I'm not sure if this is something only Americans say, but it has confused me for a long time. If someone is asked a question why do some people respond with something like, "No, yes it was"? What does "no" at the beginning mean? It seems like a contradiction.

For example:

I'm not sure if I answered your question or not.
No, yeah, that makes more sense, now!


7 Answers 7


If you state a negative, and I disagree, I may start with "No" to contradict your statement, and then state the positive.

This is related to our general contrariness and bad manners.

  • 1
    I agree. In this case, the initial "No" is probably disagreeing with the first speaker's hesitant proposition that he may not have answered the question. The following "yeah" expresses agreement that the first speaker has indeed answered whatever was being asked about. Oct 24, 2011 at 15:04
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    I've thought it over and I believe this answer is the closest to how this strange wording is being used in this specific type of interaction. I think it is a shortened, informal way of saying something similar to, "No, don't think that, because you are right. That makes more sense, now." But because to English speakers that might seem too long and clumsy, they drop most of the words and simply say, "No, yeah, it makes more sense now." Thanks for your help, everyone! There were a lot of good explanations. Oct 24, 2011 at 22:50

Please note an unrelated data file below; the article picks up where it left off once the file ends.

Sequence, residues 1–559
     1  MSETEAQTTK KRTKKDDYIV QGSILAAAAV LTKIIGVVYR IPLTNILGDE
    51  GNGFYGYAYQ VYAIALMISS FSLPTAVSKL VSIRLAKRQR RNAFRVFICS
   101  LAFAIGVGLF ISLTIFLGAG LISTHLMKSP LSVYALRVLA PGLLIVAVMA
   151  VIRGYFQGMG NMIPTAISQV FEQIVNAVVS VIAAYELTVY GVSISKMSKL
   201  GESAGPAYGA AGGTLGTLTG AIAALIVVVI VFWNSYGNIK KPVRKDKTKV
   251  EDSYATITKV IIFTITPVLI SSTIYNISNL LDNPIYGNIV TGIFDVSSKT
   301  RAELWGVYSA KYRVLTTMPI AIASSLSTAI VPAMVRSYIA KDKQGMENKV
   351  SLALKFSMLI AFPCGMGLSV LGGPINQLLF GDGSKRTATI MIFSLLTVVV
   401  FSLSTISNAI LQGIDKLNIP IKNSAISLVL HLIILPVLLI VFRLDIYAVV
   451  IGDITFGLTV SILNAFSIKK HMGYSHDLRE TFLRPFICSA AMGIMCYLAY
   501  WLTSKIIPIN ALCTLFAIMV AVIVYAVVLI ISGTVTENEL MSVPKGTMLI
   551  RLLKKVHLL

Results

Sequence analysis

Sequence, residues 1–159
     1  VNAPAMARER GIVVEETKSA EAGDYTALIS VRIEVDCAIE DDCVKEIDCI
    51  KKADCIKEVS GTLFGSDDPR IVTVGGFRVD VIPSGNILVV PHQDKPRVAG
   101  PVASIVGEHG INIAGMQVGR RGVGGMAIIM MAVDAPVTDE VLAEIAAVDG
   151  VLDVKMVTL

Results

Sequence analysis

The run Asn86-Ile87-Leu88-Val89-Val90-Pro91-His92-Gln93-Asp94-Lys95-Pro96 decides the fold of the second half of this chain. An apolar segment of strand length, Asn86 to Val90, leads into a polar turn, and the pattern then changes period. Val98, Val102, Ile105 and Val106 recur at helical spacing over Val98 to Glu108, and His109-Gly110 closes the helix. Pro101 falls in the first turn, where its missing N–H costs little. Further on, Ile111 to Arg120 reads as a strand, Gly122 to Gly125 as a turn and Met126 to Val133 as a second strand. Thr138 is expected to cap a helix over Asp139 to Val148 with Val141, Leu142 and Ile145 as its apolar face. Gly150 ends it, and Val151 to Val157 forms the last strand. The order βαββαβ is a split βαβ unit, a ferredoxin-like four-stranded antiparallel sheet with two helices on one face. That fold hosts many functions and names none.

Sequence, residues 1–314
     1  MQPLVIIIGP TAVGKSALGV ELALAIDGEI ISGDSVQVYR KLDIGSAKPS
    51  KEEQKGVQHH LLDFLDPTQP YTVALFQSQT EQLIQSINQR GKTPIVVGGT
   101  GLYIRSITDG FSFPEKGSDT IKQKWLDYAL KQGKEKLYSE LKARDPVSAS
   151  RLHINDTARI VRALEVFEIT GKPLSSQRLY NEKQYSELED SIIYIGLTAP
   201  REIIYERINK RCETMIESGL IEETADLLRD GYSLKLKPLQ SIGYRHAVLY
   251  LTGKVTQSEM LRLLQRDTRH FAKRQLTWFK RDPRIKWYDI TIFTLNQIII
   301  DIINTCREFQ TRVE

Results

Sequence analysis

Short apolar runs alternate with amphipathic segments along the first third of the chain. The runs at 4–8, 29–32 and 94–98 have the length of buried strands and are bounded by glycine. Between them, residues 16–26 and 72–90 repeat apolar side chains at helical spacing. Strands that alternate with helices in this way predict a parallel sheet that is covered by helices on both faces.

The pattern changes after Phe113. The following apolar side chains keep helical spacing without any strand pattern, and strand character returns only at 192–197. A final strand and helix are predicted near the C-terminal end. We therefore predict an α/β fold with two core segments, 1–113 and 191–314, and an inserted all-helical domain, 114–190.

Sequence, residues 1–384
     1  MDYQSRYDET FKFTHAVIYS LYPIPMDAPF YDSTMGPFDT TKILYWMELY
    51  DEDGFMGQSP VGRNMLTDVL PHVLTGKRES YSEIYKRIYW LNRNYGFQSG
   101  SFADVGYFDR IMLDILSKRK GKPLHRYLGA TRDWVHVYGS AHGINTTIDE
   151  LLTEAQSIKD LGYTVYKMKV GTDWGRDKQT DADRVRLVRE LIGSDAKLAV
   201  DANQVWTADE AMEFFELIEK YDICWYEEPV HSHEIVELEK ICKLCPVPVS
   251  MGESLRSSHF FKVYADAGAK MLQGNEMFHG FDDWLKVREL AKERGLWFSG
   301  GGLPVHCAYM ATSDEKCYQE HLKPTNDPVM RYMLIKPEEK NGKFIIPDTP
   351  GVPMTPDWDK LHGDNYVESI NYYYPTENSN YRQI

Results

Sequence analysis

Language Log has a couple entries on this:

Click through and read. There is no shortage of hypotheses.

I have my own hypothesis to add. I think a lot of people use the word no to mean but seriously…:

A: Where’d you get that jacket?

B: I mugged a leprechaun. No, I’ve had this thing for ages. I don’t really have much to wear with it, it’s so green.

This no has almost no negative connotation at all. It’s just sort of a verbal pivot point.

(Update: This use of no is described at length in Schegloff, Emanuel A., Getting Serious: Joke → Serious ‘no’, Journal of Pragmatics, 2001, vol. 33, no. 12, pp. 1947-1955. You can obtain the PDF here by filling out a little form.)